Cave-Dwelling Albino Coral Discovered
Marine biologists have discovered a new type of coral that lives on the ceilings of underwater caves where no coral has been found before. This bone white coral isn’t just unique in where it lives, it also lacks the symbiotic algae that most corals depend on to survive. That the new species, Leptoseris troglodyta, doesn’t carry this algae, known as zooxanthellae, may be a peculiar trick of evolution that makes it particularly suited towards life in the twilight caves it calls home.
Zooxanthellae are a class of symbiotic algae that help reef corals grow faster. Since living space is severely limited in the cave ceilings and dimly lit overhangs that Leptoseris troglodyta resides in, jettisoning the traditional relationship with the algae may be an evolutionary adaptation that helps the coral grow and spread more slowly, conserving valuable space and preventing population booms that could end in disaster for the coral colonies. Since most corals become bleached when they lose their algal colonies, the lack of a relationship with zooxanthallae could explain the cave corals distinctive pallor as well.
While this new coral is a particularly weird one, it’s not surprising to find it where researchers did, in the so-called Coral Triangle, a region of the Indian and Pacific Oceans renowned and studied for its biodiversity and abundance of corals and sea life.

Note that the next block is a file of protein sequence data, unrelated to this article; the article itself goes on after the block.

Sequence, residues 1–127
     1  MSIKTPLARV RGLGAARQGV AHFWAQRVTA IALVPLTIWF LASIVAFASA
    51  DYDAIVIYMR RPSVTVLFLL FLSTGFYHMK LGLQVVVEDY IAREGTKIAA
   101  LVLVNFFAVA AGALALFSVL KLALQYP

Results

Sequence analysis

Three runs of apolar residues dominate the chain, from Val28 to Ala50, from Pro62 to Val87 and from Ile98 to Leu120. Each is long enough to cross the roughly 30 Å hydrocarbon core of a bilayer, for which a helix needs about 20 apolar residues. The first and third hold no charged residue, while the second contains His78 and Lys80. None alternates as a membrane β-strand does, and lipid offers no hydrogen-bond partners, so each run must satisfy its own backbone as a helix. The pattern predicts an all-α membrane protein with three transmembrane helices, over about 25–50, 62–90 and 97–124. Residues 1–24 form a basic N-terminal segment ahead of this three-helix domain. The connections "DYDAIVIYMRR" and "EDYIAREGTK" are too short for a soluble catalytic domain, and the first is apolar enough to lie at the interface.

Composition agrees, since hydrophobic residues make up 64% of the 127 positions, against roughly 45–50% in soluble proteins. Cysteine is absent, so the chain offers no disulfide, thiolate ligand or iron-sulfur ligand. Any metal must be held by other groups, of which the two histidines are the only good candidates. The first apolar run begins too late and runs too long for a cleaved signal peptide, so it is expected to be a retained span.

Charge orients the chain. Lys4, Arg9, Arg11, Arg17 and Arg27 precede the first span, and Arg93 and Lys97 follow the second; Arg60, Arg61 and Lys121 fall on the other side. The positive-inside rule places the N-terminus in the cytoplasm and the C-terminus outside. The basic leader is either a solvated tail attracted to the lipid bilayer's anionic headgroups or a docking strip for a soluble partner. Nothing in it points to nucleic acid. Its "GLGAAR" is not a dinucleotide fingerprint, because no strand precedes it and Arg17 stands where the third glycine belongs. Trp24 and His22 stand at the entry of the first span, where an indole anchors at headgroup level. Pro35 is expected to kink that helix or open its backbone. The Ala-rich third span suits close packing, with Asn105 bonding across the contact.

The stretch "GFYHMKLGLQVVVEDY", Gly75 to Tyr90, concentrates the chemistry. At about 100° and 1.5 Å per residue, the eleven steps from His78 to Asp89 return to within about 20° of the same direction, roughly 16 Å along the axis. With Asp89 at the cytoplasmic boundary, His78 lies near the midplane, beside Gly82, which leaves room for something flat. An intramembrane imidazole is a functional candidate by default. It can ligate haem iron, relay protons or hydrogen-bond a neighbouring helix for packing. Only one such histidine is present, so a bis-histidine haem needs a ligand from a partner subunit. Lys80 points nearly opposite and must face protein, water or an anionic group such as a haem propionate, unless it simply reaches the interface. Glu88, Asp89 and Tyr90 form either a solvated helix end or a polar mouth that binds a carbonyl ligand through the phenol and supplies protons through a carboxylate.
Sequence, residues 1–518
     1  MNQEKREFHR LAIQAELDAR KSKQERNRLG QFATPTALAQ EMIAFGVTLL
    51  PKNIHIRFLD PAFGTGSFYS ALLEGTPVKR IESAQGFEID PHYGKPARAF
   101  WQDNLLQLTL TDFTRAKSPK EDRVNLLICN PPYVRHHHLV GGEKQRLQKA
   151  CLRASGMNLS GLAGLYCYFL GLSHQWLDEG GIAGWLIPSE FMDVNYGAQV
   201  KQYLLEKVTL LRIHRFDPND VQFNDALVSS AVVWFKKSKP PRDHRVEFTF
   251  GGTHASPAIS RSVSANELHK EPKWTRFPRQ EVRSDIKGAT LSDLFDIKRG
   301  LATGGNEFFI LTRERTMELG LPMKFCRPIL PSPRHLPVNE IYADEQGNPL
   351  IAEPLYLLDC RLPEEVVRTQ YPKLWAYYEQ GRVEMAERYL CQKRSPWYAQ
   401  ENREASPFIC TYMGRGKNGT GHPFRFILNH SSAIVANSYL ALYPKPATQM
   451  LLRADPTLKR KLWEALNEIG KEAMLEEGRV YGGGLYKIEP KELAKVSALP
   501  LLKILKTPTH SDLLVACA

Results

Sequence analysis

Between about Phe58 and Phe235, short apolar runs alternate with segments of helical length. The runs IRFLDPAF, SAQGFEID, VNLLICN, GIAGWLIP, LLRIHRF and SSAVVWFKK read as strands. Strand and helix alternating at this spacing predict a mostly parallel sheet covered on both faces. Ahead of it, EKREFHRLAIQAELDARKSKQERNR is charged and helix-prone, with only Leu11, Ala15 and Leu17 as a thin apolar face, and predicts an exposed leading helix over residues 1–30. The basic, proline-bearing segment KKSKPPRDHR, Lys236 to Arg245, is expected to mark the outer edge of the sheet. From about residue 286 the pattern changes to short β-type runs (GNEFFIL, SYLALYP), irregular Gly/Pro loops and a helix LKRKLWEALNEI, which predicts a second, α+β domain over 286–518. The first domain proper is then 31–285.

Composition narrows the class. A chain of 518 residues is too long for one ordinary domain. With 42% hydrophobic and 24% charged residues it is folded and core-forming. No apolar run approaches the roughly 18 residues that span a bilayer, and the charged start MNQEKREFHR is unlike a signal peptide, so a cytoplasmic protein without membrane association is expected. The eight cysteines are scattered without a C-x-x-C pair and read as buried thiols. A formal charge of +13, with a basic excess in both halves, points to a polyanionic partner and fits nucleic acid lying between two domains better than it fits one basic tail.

The coral, which seems to thrive without access to sunlight, is generally found around 35 meters below sea level, approaching the 40 meter mark where most reef corals stop appearing altogether. The fact that it thrives in the perpetual darkness of underwater caves, though, leads marine biologists to suspect it could also be found in caves farther below the surface.
You can read the study in its entirety on ZooKeys right here, because ZooKeys is open-access, and open-access journals are the freaking best.
(via Eurekalert, image courtesy of ZooKeys)
- This coral does not host adorable, cartoon-friendly fish, unfortunately
- It’s existence is more acceptable than this terrifying cave spider, though
- If it becomes endangered, can we count on the Nature Conservancy to build it new caves?
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